Now a hard act to follow, Dave Dee & the Bostons acquired a shrewd management and songwriting team in Ken Howard and Alan Blaikley which, combined with a change of name, led to a maiden Top 30 strike with “You Make It Move,” and its “Hold Tight!” follow-up coming with an ace of Number One. So began a four year run of world-wide hits that embraced artistic progress that went beyond orthodox beat group instrumentation—as illustrated by the use of balalaika on “Okay!,” and a South American charrasga on “Zabadak!” (which lent its name to a present-day DDDBMT fan club magazine). Moreover, the quintet’s parameters as composers of B-sides and LP tracks were proficient, even adventurous—as instanced by 1967’s psychedelic “The Sun Goes Down’ “co-written by Davies, with its an abrupt concluding tape-edit that anticipated that in the Beatles’ “I Want You (She’s So Heavy)” on Abbey Road. In retrospect, the chasm between the ‘rock’ of the more intellectually revered Beatles, and the ‘vulgar’ pop of DDDBMT is far from unbreachable. In parenthesis, Davies proved an assured lead vocalist when required—as instanced by “Hands Off” on the second album.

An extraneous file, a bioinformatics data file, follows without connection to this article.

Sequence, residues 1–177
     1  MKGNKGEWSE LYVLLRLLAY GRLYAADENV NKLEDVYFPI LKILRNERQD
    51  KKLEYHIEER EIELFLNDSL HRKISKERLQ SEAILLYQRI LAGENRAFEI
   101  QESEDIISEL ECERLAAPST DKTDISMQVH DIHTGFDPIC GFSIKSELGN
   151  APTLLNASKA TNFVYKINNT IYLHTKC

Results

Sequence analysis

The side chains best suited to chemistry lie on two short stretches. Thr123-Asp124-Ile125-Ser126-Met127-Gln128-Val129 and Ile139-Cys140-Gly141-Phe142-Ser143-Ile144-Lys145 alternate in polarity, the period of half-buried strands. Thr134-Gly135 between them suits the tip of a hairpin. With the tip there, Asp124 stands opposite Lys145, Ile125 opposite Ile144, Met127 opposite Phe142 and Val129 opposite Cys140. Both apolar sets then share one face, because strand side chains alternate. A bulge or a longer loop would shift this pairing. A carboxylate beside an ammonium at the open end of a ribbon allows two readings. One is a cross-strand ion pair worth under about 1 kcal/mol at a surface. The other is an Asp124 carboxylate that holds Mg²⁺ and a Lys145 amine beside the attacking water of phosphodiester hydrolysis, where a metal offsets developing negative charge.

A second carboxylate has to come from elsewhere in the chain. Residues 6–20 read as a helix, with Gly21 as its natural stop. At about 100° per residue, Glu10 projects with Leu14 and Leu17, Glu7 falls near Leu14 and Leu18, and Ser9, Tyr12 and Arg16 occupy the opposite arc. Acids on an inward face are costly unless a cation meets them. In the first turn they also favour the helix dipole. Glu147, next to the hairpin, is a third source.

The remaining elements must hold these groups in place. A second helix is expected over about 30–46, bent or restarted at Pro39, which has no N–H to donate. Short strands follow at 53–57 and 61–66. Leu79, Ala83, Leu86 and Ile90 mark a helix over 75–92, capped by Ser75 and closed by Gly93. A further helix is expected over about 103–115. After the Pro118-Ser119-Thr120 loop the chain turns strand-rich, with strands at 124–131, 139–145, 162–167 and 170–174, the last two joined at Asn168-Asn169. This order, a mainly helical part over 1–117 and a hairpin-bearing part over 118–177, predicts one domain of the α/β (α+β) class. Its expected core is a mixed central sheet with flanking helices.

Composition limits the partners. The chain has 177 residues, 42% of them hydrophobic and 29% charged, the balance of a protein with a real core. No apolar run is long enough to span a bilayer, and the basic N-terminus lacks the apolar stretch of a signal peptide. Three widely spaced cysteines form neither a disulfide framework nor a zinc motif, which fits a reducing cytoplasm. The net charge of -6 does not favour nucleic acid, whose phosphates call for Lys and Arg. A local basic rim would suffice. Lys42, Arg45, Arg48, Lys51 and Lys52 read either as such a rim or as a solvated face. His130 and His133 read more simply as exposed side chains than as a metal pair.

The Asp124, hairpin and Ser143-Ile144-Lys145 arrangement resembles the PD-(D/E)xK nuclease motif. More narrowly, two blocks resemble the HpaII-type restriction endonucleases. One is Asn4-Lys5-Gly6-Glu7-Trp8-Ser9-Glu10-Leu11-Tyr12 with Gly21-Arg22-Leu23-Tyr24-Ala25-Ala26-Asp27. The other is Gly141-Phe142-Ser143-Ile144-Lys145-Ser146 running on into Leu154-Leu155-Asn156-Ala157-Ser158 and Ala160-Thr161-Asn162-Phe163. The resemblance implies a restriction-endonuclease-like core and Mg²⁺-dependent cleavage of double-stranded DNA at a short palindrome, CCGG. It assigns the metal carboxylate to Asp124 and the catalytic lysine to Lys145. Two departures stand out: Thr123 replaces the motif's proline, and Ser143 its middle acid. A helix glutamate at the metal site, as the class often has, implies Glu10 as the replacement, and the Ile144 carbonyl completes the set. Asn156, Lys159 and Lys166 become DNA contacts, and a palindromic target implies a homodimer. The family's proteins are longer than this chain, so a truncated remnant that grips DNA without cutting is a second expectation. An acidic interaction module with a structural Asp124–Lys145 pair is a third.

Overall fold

Dave Dee, Dozy, Beaky, Mick & Tich. Trevor 'Dozy' Davies 2nd from right.

Dave Dee, Dozy, Beaky, Mick & Tich. Trevor ‘Dozy’ Davies 2nd from right.

By 1969, however, DDDBMT and their mentors were running out of ideas, and the group split in two. Dave Dee went solo while Dozy, Beaky, Mick and Tich (as ‘DBMT’) attempted to rise anew with a prog-rock repertoire, as instanced by a mild cause célèbre of an album, 1970’s Fresh Ear Me). One associated single, “Tonight Today,” penetrated the Top Ten in the Netherlands.